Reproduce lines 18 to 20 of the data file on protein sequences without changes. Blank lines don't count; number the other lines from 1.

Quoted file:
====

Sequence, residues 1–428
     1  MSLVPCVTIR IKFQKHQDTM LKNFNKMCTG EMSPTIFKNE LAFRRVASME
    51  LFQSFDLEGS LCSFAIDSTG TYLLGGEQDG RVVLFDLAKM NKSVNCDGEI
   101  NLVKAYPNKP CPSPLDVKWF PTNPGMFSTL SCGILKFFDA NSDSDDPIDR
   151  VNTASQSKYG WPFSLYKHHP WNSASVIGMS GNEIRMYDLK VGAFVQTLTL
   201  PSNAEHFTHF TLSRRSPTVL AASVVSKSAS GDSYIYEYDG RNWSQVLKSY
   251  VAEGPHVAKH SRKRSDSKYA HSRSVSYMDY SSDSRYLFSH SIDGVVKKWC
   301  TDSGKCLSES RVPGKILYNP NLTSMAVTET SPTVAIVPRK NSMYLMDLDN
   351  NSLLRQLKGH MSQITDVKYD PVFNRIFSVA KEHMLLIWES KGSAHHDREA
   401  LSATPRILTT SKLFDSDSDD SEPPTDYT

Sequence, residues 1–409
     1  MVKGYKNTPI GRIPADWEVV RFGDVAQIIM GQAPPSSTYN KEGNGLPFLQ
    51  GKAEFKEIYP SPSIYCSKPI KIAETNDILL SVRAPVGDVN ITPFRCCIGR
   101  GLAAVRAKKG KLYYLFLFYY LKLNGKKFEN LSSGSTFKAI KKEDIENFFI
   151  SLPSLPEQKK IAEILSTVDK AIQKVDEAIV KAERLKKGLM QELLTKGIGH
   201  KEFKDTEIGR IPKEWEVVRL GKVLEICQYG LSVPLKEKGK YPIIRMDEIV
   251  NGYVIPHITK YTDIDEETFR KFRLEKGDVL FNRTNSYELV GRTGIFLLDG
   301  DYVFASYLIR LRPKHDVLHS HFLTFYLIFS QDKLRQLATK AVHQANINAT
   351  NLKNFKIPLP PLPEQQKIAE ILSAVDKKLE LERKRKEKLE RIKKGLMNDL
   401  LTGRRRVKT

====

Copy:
   301  DYVFASYLIR LRPKHDVLHS HFLTFYLIFS QDKLRQLATK AVHQANINAT
   351  NLKNFKIPLP PLPEQQKIAE ILSAVDKKLE LERKRKEKLE RIKKGLMNDL
   401  LTGRRRVKT